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Electron transport in semiconductors

What do I work on?

The movement of electrons in a material is called transport. In most materials, electrons move like balls in a pinball machine, colliding with the impurities present in the material and losing their momentum in the process. This gives rise to Ohm’s law and resistance of the material. This type of transport is called diffusive transport. 

Recently scientists have been able to fabricate materials which are “ultraclean”- almost no impurities. In absence of impurities, electrons have two options – either they can collide with the boundaries of the device or they can collide with each other. This can lead to novel transport regimes, namely- ballistic and hydrodynamic transport regime. In ballistic regime, electrons scatter predominantly against the boundaries of the device. In hydrodynamic regime, electrons start interacting with each other, leading to collective electron transport resembling that of water flowing in a pipe. 

Movie depicting evolution of electron flow in the ballistic regime.  The vortices form over time merely due to reflections of the device boundaries.

My research deals with understanding the conditions under which these non-diffusive regimes can occur. I do so by making tiny devices on the an ultraclean semiconductor material (GaAs/AlGaAs) which can map the movement of electrons. Interestingly, we have discovered that both the regimes share strikingly similar characteristics  despite one being interaction dominated while other being interaction free. We have detected negative nonlocal resistance in both the regimes – a signature usually considered the hallmark of hydrodynamic regime. Our simulations have revealed the formation of current vortices in both the regimes. The formation of vortices in ballistic regime is particularly surprising because vortices are usually associated with fluids like whirlpools forming in water.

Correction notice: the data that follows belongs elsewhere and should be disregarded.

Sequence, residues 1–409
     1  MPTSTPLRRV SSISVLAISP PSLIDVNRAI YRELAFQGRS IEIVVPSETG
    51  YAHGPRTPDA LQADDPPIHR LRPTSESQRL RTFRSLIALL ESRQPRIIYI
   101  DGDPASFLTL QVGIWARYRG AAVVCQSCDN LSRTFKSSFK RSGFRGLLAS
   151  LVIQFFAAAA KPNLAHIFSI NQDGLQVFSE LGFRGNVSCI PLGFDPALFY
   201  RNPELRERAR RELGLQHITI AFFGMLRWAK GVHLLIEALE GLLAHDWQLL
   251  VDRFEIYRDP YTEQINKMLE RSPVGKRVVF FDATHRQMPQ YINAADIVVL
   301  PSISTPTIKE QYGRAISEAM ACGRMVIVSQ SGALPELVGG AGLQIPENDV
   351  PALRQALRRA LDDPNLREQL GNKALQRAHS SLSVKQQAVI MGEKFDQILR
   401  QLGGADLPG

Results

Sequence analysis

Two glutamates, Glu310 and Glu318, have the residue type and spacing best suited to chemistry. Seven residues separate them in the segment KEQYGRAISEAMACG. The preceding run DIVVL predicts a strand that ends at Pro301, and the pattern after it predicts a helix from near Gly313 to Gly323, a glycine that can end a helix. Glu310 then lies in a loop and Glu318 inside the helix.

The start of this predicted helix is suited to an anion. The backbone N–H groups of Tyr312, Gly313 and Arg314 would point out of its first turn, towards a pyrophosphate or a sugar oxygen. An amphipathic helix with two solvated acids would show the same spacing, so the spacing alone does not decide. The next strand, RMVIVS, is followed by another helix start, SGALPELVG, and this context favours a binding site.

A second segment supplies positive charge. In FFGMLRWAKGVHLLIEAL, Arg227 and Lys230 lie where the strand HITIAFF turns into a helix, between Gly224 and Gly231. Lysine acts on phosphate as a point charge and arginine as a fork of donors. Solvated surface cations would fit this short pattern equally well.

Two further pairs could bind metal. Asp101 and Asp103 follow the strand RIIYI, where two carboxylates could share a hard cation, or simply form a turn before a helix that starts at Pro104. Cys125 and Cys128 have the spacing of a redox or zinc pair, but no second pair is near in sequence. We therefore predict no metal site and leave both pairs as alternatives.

Why is this research important?

The major advantage of ballistic and hydrodynamic regimes is that momentum of the system remains conserved while for the diffusive regimes, momentum is lost to the lattice. This makes these regimes inherently more efficient. These regimes thus have potential of creating new electronic devices are more efficient in terms of power, speed,  noise etc. than conventional silicon based electronic devices. Crucially, because the underlying physics in these regimes is fundamentally different than present devices and is largely unexplored, more research into these regimes can open up possibilities of engineering devices with unprecedented functionalities.  

How do I actually fabricate tiny devices to study?

The GaAs/AlGaAs heterostructure is grown using highly optimized MBE by our collaborators (Manfra group) at Purdue university. We then fabricate tiny devices on the material using a multistep cleanroom fabrication process which includes lithography techniques (photolithography and electron beam lithography), etching techniques (wet etching, dry etching), vapor deposition and ohmic contacting.  After fabrication, we perform low temperature transport measurements using low-frequency lock-in measurement technique. The experimental data is then analyzed using high-resolution supercomputer simulations. 

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